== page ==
Atmospheric drag is the most uncertain non-conservative force acting on a low Earth orbiting satellite. The existing atmospheric density models are not accurate enough to model the variations in density, which significantly affect the drag on satellites since drag is directly proportional to atmospheric density. In this research, precision orbit ephemerides (POE) are used as measurements in an optimal orbit determination scheme to estimate corrections to baseline atmospheric density models. These corrections improve the drag estimates, which in turn improve orbit determination and prediction and also provide a better understanding of the upper atmosphere. The POE are used as measurements in a sequential measurement and filtering scheme using the Orbit Determination Tool Kit (ODTK) software, which provides the orbit determination. Five atmospheric density models are available in ODTK, which are used as baseline atmospheric density models to which corrections are made in the orbit determination. These density models are Jacchia 1971, Jacchia-Roberts, CIRA 1972, MSISE 1990, and NRLMSISE 2000. The user has the option to specify the ballistic coefficient (BC) correlated half-life and density correlated half-life. These half-lives are usually given values of 1.8, 18, or 180 minutes. If all five baseline density models are used along with three different combinations of ballistic coefficient and density correlated half-lives, then this would result in forty-five different cases. All the forty-five cases are examined in some studies and only a selected few are examined in others, the details of which are given in the appropriate sections. The POE derived densities are validated by comparing them with accelerometer derived densities for satellites which have accelerometers onboard, such as the Challenging Minisatellite Payload (CHAMP) and the Gravity Recovery and Climate Experiment (GRACE). The trend in the variation is compared quantitatively by calculating the cross correlation between the POE and accelerometer derived densities, and the magnitude is compared by calculating the root mean square between the two. The accelerometer derived densities for both CHAMP and GRACE are available from Sean Bruinsma of CNES and also from Eric Sutton of the United States Air Force Research Laboratory, and are used in this research. The effect of different functions of geomagnetic planetary amplitude (ap) as an input in orbit determination to estimate atmospheric density was investigated. The three different functions of input are 3-hourly ap step functions, linear interpolated ap functions, and ap osculating spline functions. These three different types of functions were used as inputs for all the forty-five different combinations obtained by using the five different baseline atmospheric density models and three different combinations of ballistic coefficient and density correlated half-lives as stated earlier, and POE derived density was estimated for both CHAMP and GRACE. The POE derived densities were compared with the accelerometer derived densities by calculating the CC and RMS. To create continuous data sets of POE derived densities that span a period of one week, the linear weighted blending technique was used to blend the 14 hour POE derived densities in their overlap periods. CIRA 1972 was used as the baseline atmospheric density model and a BC correlated half-life of 1.8 minutes and density correlated half-life of 180 minutes were used as inputs in ODTK to generate these POE derived density estimates. These one week continuous POE derived densities showed better correlation with accelerometer derived densities than HASDM densities for both CHAMP and GRACE. The average cross-sectional area of the satellite that is normal to the velocity vector, the area facing the Sun, and the area facing the Earth, were determined so that these areas could be used to estimate the atmospheric drag, the force due to solar radiation pressure, and the force due to Earth radiation pressure (infrared and Earth albedo). This was done for both TerraSAR-X and ICESat. For TerraSAR-X, the area normal to the velocity vector was assumed be a constant and equal to the frontal area, and the area facing the Earth was also assumed to be constant. However, the area facing the Sun varied with time. The average area facing the Sun for a period of 14 hours and also the annual average area were calculated and used to calculate the POE derived densities. The POE derived densities calculated using these two different average areas facing the Sun were found to be very similar. Since TerraSAR-X does not have an accelerometer onboard, the POE derived densities could not be compared with accelerometer derived densities, but instead were compared with Jacchia-71 densities since this was also one of the outputs from ODTK. The POE derived densities were also compared with NRLMSISE 2000 densities. The attitude of ICESat as a function of beta angle was given in the literature and so was the average area of each side of the satellite when it was modeled as a rectangular box with two solar panels. This information was used to estimate the 30-hour average area normal to the velocity vector, area facing the Earth, and area facing the Sun, for ICESat. The POE derived densities using these areas were estimated by ODTK and compared with the Jacchai-71 density model.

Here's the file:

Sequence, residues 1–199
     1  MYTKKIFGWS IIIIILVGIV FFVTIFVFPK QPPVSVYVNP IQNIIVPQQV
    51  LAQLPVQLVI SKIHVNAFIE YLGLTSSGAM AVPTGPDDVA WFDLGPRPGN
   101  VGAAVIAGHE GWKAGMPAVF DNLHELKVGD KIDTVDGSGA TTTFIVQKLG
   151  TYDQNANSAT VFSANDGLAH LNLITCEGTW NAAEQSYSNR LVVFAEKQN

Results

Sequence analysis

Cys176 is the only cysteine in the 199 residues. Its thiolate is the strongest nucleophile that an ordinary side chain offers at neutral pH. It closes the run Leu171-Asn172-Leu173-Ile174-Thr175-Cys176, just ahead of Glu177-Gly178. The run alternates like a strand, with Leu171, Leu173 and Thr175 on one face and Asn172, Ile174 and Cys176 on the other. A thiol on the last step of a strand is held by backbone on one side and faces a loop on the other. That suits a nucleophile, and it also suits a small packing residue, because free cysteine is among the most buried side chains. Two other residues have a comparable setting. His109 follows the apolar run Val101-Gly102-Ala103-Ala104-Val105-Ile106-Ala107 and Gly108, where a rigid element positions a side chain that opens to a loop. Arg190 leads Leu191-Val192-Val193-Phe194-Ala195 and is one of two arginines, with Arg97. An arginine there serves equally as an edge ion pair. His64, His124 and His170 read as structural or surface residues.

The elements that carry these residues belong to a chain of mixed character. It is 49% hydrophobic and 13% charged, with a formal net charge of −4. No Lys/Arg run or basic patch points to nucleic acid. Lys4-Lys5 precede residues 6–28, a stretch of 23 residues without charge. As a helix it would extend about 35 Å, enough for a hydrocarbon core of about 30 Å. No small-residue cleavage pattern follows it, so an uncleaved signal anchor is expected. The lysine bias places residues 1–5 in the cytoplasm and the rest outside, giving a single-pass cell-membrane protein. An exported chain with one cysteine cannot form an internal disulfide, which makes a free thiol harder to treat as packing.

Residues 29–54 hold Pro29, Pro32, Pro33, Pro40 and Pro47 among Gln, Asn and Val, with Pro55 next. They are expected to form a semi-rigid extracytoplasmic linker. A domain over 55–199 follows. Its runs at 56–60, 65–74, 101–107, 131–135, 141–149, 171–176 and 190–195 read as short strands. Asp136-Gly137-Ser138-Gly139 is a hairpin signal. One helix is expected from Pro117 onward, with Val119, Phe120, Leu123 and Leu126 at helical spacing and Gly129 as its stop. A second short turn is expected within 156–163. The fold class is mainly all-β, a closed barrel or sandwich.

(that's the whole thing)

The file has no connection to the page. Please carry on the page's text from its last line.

##### Collections

- Engineering Dissertations and Theses [522]
- Theses [2367]